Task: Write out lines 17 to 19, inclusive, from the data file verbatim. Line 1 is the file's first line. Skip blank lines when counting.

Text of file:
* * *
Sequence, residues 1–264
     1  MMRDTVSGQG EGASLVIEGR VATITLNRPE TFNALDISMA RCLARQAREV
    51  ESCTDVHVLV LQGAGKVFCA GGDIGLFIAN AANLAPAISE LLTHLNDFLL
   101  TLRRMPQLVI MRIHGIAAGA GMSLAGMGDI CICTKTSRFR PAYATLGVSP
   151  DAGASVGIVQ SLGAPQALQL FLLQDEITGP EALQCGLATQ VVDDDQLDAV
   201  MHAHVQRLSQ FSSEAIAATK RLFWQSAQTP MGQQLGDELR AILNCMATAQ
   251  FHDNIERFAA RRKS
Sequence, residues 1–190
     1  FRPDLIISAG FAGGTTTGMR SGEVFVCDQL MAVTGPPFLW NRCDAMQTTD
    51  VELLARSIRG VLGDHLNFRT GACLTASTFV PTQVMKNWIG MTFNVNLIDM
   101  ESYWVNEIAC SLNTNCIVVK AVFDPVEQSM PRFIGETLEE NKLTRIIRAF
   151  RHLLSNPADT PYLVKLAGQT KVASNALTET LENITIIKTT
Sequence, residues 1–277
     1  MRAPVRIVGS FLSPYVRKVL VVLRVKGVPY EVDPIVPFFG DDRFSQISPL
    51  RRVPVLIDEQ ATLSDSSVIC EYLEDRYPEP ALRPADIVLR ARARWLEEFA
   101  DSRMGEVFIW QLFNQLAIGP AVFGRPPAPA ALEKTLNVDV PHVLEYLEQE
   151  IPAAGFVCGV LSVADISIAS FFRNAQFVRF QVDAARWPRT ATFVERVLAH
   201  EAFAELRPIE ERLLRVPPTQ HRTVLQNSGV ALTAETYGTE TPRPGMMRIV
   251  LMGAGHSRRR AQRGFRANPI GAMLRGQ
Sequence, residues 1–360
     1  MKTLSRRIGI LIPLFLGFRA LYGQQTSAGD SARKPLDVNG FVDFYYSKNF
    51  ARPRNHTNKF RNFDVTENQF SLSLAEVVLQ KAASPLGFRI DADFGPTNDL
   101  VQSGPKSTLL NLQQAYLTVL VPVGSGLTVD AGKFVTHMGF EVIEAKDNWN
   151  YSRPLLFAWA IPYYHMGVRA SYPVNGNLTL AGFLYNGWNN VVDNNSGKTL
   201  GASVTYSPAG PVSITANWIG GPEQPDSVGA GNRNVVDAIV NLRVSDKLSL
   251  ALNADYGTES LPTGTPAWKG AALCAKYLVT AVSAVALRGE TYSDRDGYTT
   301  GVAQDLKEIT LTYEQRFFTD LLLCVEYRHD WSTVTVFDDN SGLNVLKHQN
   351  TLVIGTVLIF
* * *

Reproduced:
   151  IPAAGFVCGV LSVADISIAS FFRNAQFVRF QVDAARWPRT ATFVERVLAH
   201  EAFAELRPIE ERLLRVPPTQ HRTVLQNSGV ALTAETYGTE TPRPGMMRIV
   251  LMGAGHSRRR AQRGFRANPI GAMLRGQ